Illegal transactions continued to grow over the last decade, and Nigeria was one of the worst offending countries.
Illicit financial flows (IFF) surged in 2013 reaching $1.1 trillion (approximately ?219 trillion) globally and Nigeria remains one of the worst performing countries in the world, according to the results of a recent report by Global Financial Integrity (GFI), a public policy think tank.
Nigeria came tenth in the worldwide rankings of countries by IFF and was the second worst performing country in Africa, behind South Africa, which came seventh globally.
Authored by GFI Chief Economist Dev Kar and GFI Junior Economist Jospeh Spaniers, the report pegs cumulative illicit outflows from developing economies at US$7.8 trillion (roughly ?1.5 quadrillion) between 2004 and 2013, the last year for which data is available.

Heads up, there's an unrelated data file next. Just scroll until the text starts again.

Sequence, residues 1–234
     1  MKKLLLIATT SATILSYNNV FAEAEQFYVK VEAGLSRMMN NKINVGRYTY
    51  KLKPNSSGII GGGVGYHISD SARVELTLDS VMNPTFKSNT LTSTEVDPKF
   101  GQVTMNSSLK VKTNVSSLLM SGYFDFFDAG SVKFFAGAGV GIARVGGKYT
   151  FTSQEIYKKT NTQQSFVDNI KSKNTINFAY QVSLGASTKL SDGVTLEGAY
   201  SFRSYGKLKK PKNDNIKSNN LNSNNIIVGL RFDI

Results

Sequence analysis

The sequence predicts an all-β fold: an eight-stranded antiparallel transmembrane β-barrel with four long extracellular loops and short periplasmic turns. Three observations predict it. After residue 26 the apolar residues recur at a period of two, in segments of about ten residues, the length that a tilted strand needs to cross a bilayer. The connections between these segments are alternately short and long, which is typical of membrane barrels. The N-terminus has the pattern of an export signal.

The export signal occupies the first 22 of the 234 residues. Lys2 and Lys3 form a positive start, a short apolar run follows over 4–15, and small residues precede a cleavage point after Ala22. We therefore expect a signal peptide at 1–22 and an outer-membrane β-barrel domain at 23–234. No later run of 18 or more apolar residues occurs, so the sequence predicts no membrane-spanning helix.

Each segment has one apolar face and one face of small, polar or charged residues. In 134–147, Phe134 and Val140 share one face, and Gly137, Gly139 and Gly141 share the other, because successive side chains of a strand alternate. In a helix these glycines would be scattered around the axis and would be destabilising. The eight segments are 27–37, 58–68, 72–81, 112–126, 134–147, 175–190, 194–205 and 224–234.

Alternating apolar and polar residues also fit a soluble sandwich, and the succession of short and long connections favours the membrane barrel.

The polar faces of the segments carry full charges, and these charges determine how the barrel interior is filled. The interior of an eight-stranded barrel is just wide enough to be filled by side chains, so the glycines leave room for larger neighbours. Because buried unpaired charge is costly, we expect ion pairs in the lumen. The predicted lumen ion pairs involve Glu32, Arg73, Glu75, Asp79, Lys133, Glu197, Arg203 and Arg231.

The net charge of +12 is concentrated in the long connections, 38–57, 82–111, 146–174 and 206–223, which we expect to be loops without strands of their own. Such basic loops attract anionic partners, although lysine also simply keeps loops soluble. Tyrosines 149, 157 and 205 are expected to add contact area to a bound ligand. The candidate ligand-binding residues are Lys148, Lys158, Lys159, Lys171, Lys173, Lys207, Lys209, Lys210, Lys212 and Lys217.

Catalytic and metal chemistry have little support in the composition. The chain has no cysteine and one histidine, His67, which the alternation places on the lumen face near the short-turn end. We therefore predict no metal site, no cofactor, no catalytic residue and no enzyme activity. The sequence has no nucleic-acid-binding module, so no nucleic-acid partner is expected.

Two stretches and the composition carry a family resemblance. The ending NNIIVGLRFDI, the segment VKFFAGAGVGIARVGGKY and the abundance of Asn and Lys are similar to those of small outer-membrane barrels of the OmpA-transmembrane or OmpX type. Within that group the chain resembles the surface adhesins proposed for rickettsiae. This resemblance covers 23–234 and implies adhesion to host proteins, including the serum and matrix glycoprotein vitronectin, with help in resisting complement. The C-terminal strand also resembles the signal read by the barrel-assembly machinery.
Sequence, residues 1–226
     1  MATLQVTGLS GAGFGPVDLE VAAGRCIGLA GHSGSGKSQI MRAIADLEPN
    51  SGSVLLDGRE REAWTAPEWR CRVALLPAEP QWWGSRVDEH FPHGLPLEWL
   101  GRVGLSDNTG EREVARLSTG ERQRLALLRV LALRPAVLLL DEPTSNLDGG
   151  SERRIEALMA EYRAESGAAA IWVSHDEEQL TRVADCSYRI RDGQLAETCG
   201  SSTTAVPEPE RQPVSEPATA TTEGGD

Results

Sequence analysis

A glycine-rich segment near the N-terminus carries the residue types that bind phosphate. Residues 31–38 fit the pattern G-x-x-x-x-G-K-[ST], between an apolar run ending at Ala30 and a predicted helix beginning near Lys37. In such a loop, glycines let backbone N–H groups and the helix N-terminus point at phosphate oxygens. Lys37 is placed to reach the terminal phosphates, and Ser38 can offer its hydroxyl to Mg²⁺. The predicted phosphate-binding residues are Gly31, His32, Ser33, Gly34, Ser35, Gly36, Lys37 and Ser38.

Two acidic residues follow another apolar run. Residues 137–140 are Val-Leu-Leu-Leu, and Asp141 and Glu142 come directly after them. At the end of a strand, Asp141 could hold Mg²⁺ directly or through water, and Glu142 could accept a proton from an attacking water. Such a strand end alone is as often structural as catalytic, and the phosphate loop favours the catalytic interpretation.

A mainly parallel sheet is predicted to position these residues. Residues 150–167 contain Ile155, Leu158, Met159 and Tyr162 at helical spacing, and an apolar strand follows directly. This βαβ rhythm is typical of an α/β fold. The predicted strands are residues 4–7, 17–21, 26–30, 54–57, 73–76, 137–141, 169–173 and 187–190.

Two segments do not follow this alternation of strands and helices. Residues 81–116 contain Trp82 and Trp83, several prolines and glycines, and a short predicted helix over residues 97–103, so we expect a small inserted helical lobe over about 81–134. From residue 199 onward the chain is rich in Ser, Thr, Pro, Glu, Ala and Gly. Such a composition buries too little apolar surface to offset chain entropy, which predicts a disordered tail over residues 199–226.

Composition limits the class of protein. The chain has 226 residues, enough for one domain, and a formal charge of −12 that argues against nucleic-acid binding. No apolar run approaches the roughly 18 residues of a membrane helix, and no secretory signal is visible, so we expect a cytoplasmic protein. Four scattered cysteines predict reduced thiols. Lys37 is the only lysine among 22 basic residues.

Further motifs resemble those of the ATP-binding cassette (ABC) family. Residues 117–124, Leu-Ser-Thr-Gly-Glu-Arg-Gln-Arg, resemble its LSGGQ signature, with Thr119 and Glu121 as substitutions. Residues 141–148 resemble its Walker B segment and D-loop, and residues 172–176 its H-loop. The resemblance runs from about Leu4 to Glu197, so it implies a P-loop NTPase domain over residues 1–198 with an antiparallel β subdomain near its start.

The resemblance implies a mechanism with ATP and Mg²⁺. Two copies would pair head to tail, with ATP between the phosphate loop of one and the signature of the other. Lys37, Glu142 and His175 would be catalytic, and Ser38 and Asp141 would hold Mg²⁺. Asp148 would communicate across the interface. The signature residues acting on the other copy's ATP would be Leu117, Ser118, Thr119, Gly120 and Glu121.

However, ?219 trillion is a conservative estimate as many illegal transactions may not have been detected.
IFF refers to the illegal movement of capital from one country to another.
Examples of IFF include money laundering, tax and duties evasion, corruption, cash smuggling and illegal wire transfers by individuals and organisations, including terrorists and drug cartels.
According to GFI’s report, IFF accounts for 4% of the developing world’s GDP.
The figure is even worse in sub-Saharan Africa where IFF accounts for 6% of GDP. The region remains the worst performing area in the world.
The Middle East and North Africa was the best performing region as IFF only occupied 2.3% of GDP.
The IFF growth rate from 2004-2013 was 8.6% in Asia and 7% in other regions.
Also, in seven of the ten years surveyed, IFF outpaced the total volume of foreign aid and direct investment flowing into developing nations.
Details at Global Financial Integrity.